I am not going to enter that fray, at least not here. For our present purposes,
I begin from the simple (and, I hope, relatively non-controversial) premiss
that poverty has many dimensions, that among these dimensions income is
centrally important, and that inclusive (˜pro-poor™ 2 ) economic growth policies
are necessary but insuf¬cient for reducing it.
This chapter, rather, focuses on both expanding and re¬ning the analyti-
cal scope of the ˜social™ (or non-economic) aspects of chronic poverty, and
thereby, I hope, enhancing efforts to respond more effectively to it. The
argument in this chapter proceeds as follows. In recognizing that poverty is
˜multidimensional™, today™s dominant policy discourses have actually made
important, if often underappreciated, steps to incorporate insights from social
and political theory, but these (hard-won) gains now need to be consoli-
dated, advanced, and sharpened. Three broad themes in non-economic social
science”what I shall call, for simplicity™s sake, ˜networks™, ˜exclusion™, and
˜culture™”have been at the forefront of these important efforts to make
initial inroads into shaping contemporary policy discourses, not least at the
international level. While further useful insights can certainly be gained from
continued research in these areas, building signi¬cantly on them requires the
incorporation of three additional (and interrelated) realms into the theories
of and policy responses to chronic poverty. To constitute a coherent and
useful theory, these realms must cumulatively be able to (a) provide a basic
but distinctive model of human behaviour, (b) explain how and why poverty
persists as part of broader processes of economic prosperity and social change,
(c) account for the mechanisms by which power is created, maintained, and
challenged, and (d) readily lend themselves to informing (and iteratively
learning from) a new generation of supportable poverty reduction policies and
practices. These three new realms”which are not actually new, since they are
deeply grounded in a long tradition of social theory, and are not posed here in
contradistinction to the prevailing themes”are social relations, rules systems,
and meaning systems.
These are admittedly ambitious goals, and within the constraints of a single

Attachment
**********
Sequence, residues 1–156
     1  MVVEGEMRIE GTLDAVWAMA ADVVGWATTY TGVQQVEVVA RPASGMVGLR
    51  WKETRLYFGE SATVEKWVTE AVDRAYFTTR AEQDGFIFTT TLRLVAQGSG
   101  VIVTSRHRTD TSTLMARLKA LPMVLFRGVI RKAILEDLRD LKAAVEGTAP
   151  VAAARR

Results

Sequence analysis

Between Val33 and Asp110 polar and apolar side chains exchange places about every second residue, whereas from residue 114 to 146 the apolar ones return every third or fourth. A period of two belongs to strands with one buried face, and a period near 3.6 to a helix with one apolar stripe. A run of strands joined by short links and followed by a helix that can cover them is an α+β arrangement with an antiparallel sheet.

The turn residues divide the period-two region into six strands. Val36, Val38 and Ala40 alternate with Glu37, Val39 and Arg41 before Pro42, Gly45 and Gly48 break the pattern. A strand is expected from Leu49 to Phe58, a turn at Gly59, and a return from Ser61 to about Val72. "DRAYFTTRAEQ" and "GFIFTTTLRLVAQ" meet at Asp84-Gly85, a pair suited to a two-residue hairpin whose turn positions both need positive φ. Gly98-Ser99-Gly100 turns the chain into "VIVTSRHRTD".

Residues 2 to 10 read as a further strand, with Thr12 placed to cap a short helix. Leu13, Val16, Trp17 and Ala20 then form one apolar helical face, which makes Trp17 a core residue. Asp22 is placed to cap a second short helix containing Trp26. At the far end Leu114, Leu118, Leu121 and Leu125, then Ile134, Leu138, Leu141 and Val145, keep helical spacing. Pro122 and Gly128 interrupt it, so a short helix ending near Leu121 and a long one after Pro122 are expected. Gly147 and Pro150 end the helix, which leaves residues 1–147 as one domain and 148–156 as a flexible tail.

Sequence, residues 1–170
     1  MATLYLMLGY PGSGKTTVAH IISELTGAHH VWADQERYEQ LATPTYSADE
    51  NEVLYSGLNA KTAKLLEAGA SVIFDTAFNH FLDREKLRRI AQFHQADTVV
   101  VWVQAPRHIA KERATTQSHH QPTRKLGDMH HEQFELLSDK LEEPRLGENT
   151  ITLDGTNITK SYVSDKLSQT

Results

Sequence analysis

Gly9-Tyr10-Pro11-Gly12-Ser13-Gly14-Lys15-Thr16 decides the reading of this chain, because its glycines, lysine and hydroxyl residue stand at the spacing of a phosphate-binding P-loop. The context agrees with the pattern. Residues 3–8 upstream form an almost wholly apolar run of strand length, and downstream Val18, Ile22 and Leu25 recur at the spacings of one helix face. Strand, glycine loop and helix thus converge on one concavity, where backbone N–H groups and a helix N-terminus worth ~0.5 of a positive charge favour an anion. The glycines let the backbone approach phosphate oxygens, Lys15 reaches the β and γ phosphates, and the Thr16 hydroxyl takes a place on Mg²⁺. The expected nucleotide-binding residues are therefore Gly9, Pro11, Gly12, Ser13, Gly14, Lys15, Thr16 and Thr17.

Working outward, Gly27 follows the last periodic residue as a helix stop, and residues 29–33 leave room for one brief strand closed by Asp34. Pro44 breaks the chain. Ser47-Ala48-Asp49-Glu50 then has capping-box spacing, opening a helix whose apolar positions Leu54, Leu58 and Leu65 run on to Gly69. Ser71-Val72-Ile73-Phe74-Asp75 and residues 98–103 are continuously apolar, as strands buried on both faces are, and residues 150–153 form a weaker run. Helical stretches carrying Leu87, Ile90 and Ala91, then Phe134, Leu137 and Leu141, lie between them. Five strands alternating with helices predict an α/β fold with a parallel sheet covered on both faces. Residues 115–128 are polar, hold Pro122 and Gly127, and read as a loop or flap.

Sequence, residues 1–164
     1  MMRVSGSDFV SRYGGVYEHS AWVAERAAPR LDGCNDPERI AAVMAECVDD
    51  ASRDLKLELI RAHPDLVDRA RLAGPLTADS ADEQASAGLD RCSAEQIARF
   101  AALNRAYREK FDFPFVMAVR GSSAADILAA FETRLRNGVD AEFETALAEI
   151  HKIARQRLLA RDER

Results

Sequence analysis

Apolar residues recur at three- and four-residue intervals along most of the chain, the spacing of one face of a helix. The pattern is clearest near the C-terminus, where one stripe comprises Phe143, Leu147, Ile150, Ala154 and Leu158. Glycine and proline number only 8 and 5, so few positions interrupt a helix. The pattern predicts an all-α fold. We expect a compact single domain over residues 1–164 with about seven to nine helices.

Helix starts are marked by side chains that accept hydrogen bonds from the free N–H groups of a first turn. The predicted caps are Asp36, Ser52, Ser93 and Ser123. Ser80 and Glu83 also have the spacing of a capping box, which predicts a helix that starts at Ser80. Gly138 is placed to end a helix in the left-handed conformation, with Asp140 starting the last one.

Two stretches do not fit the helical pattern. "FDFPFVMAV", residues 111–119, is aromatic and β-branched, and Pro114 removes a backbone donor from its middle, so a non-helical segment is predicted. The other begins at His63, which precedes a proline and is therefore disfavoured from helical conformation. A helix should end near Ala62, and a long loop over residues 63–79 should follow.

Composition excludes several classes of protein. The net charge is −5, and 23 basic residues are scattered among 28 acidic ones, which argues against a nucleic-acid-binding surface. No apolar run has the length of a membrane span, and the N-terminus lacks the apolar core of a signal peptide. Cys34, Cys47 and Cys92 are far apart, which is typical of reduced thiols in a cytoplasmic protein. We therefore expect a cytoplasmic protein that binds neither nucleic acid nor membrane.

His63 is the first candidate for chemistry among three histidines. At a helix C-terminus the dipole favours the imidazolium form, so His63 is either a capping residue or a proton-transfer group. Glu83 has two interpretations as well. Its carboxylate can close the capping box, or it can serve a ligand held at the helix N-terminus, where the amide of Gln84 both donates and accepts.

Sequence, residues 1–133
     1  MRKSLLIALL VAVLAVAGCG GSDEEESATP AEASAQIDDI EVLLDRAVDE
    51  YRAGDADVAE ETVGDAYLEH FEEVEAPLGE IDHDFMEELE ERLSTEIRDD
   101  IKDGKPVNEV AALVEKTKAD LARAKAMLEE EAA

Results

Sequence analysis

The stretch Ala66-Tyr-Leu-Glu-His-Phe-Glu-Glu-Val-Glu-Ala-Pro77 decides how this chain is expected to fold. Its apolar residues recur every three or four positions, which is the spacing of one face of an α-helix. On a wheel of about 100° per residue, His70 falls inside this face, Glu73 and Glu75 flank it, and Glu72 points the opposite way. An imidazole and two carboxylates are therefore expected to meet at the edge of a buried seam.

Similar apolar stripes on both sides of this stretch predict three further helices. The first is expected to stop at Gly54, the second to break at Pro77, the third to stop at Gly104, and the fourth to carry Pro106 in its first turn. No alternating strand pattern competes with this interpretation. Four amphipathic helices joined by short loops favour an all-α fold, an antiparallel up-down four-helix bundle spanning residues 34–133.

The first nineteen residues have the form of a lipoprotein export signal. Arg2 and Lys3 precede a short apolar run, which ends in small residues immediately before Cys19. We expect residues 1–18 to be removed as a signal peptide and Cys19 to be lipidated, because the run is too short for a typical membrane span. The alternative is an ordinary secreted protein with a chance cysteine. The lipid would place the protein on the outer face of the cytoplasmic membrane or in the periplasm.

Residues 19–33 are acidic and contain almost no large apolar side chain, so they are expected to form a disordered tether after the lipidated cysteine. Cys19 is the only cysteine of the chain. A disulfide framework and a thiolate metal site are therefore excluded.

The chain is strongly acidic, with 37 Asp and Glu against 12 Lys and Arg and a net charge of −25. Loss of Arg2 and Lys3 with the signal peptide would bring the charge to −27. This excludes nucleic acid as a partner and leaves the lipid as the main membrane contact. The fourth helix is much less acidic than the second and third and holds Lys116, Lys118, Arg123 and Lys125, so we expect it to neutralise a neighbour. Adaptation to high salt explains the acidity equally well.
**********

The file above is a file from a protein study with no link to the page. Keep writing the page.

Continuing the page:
chapter can necessarily only be partially achieved, if at all. I surely have no
desire to engage in what could only be a futile quest for a ˜grand theory™
of chronic poverty, but I am ¬rmly of the conviction that historical events,

2
The precise de¬nition of ˜pro-poor™ economic growth is itself contentious (see UNDP™s
International Poverty Centre ˜one-pagers™, which have explored the core contentious issues),
though no one seriously claims that economic growth (however de¬ned) is unnecessary for
sustained poverty reduction.




329
Michael Woolcock

recent intellectual innovations, and fervent political activism have conspired
to provide us with a narrow window of opportunity to seriously incorpo-
rate social themes into a coherent and supportable strategy for reducing
poverty and marginalization, an opportunity not experienced for perhaps
forty years (the civil rights movement) or nearly a century (the progressive
era). ˜Theory™ is, of course, but one element shaping the viability of any
such strategy, but to the extent that scholars have any comparative advan-
tage in these matters, it is largely in the realm of theory and ideas. So,
herewith my contribution, as someone who resides at the awkward nexus
of multidisciplinary research and development policy; the chapter will have
served its purpose if it provides (even provokes) a basis for further sustained
deliberation.
The chapter is structured in six sections. Section 15.2 brie¬‚y looks at how
poverty generally, and chronic poverty in particular, is explained in the
current policy literature, with a focus on ˜poverty traps™ and (more recently)
˜inequality traps™. I will contend here that three strands of scholarship in the
non-economic social sciences have exerted quite considerable in¬‚uence at the
level of contemporary policy discourse (and to a lesser extent, practice), and
that critics, especially those within these disciplines, have been slow to recog-
nize this fact. Section 15.3 argues that these successes, important as they are,
cannot do the heavy intellectual lifting required for a more comprehensive